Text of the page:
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M amount of surface area (sq. ft.) cleaned.16 -- Fixed Scale

Covers the use of a linear (yardstick) or angular (protractor) measuring device.


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M amount of surface area (sq. ft.) cleaned.16 -- Calipers < 12”

Covers the use of vernier calipers with a capacity to 12 inches.


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M amount of surface area (sq. ft.) cleaned.24 -- Feeler Gauge

Covers the use of a gauge to measure the gap between two points.


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M amount of surface area (sq. ft.) cleaned.32 -- Steel Tape < 6 Ft.

This parameter covers the use of a steel tape to measure, from a fixed position, between two points.


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Micrometers amount of surface area (sq. ft.) cleaned.< 4”

  • M32 -- Depth measurement

  • M42 -- Outside diameter measurement

  • M54 -- Inside diameter measurement


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Tool Use Example -- Measure amount of surface area (sq. ft.) cleaned.

Before welding two steel plates, a welder obtains a square and checks the angle between the plates to see that it is correct. The square (a profile gauge) is located three steps away on a workbench.


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Tool Use Example -- Measure amount of surface area (sq. ft.) cleaned.

Following a turning operation, a machinist checks the diameter of a small shaft with a micrometer. The micrometer is located on and returned to the workbench 2 steps away.


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Measure Supplemental Values amount of surface area (sq. ft.) cleaned.

  • M6 -- Snap gauge; OD to 2”

  • M10 -- Snap gauge; OD to 4”

  • M16 -- Plug gauge; go/no-go to 1”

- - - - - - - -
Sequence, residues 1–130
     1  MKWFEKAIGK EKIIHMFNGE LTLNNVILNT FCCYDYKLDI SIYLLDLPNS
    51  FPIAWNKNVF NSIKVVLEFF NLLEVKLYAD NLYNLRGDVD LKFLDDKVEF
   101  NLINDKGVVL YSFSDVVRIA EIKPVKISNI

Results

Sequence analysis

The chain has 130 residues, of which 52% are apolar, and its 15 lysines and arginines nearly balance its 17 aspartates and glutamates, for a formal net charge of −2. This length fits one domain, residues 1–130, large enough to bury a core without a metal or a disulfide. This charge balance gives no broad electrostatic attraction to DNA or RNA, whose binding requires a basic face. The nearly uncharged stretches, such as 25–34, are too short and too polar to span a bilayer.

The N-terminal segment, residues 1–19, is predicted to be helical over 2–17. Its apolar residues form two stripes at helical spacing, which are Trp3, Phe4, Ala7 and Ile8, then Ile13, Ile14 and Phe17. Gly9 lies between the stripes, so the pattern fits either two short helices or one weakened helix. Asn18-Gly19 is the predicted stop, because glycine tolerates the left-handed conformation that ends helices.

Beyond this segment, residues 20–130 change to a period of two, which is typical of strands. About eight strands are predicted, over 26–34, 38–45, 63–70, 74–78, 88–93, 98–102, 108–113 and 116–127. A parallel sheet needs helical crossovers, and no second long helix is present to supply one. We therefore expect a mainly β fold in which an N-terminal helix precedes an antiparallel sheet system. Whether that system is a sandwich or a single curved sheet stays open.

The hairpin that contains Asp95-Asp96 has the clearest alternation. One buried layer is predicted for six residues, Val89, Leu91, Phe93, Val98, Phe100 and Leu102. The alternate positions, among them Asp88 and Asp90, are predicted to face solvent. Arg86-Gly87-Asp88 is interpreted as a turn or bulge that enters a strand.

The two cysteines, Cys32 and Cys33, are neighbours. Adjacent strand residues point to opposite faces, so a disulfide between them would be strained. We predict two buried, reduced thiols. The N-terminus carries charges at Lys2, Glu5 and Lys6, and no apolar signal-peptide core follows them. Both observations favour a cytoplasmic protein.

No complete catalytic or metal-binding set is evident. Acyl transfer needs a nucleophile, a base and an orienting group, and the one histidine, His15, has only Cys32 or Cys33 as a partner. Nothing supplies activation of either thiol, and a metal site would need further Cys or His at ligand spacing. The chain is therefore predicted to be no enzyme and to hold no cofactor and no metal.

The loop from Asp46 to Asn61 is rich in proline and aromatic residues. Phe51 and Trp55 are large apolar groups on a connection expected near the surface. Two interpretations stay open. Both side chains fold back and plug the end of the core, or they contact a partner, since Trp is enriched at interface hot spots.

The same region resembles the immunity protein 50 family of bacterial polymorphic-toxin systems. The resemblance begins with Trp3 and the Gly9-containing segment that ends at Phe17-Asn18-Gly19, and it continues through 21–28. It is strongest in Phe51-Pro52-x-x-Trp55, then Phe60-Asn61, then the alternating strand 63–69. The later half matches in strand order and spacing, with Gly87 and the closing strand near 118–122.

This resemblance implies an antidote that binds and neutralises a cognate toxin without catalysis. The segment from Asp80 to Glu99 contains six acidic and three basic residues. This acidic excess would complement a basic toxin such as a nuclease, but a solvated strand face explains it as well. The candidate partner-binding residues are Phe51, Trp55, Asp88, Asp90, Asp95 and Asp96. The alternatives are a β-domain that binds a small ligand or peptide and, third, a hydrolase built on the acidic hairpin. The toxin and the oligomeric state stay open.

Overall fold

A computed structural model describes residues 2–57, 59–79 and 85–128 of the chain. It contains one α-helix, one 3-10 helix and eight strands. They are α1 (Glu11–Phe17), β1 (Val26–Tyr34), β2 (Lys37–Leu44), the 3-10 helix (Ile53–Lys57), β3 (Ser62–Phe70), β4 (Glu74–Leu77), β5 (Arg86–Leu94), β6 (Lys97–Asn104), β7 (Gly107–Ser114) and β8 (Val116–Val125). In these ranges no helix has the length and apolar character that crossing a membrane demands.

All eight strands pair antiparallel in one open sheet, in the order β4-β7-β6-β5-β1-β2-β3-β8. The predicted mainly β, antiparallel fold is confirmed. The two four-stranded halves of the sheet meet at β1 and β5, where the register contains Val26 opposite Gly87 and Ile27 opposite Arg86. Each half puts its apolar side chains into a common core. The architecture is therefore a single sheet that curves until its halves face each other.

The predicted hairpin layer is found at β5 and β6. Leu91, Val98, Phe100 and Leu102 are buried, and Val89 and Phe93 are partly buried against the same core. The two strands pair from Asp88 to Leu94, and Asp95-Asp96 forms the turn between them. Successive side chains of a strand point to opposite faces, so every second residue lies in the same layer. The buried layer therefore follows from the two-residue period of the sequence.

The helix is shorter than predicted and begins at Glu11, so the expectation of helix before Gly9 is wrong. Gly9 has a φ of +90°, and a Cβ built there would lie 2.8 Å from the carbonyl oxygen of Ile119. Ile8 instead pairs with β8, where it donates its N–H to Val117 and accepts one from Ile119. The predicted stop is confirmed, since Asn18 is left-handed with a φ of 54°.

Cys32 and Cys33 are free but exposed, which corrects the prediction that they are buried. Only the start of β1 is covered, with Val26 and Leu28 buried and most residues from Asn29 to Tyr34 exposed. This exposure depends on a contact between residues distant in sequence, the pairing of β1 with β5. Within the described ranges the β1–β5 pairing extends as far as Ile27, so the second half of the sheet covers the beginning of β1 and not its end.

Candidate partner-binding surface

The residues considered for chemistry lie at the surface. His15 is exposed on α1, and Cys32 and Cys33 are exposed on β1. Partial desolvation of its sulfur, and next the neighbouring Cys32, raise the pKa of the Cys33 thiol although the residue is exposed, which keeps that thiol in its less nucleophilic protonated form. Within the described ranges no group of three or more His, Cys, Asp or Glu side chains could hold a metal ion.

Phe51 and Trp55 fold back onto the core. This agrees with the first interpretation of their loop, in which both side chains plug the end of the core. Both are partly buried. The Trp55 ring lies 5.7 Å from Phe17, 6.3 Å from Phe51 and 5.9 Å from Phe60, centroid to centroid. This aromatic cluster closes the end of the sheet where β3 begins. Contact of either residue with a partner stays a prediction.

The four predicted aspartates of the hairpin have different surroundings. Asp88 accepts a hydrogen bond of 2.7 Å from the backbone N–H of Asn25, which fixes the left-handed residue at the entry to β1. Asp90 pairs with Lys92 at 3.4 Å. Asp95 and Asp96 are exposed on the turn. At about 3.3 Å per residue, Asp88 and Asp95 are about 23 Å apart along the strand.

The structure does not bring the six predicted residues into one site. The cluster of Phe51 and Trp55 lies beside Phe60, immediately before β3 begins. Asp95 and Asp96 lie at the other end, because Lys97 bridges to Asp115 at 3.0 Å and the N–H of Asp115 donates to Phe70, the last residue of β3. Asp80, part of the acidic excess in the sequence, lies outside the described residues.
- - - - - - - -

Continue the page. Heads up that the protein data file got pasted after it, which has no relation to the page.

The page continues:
• M24 -- Thread gauge; go/no-go int/ext to 1”

  • M24 -- Vernier Depth Gauge; to 6”

  • M42 -- Thread gauge; go/no-go int/ext 1-2”


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Record amount of surface area (sq. ft.) cleaned.

  • Write: covers routine clerical activities.

    • Index value based on number of digits or words

  • Mark: covers marking object

    • Each mark is considered a “digit”


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    Tool Use Example -- Record amount of surface area (sq. ft.) cleaned.

    After finishing an assigned job, the operator picks up a clipboard and pencil (simo) from the workbench, fills out the completion date on the job card, and signs his name. He then returns the board and pencil to the workbench.


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    Tool Use Example -- Record amount of surface area (sq. ft.) cleaned.

    To order a part, a clerk takes a pencil from her shirt pocket and writes a six-digit part number on the requisition form on her desk. She then clips the pencil back in her pocket.


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    Tool Use Example -- Record amount of surface area (sq. ft.) cleaned.

    Part of a packing operation involves identifying the components in the carton. This involves picking up a felt marker (within reach) and marking a 6-digit number on the container.


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    Think amount of surface area (sq. ft.) cleaned.

    Most of the time “think” occurs internal to the manual work, but there are times it must be considered as a separate activity.


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    Think -- Inspect amount of surface area (sq. ft.) cleaned.

    The type of inspection work we’re looking at here is that where only simple “yes / no” decisions are quickly made on the existence of a particular defect in a part.


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    Inspect -- Read amount of surface area (sq. ft.) cleaned.

    • The column Digits or Single Words is to be used for reading technical data (part numbers, codes, quantities, etc.)

    • The column Text of Words is used when analyzing situations in which the operator reads words arranged into sentences or paragraphs.

    • Other, specialized, values exist for reading gauges, scales, date/time, & tables.


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    Tool Use Example -- Think amount of surface area (sq. ft.) cleaned.

    During a testing operation, an electronics technician picks up a meter lead, places it on a terminal, and reads voltage off the meter scale. The lead is then put aside.


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    Tool Use Example -- Think amount of surface area (sq. ft.) cleaned.

    Prior to starting a turning operation, an operator picks up a work order set and reads a paragraph that describes the method to be followed. It contains an average of 30 words. The operator then places the set aside on the workbench.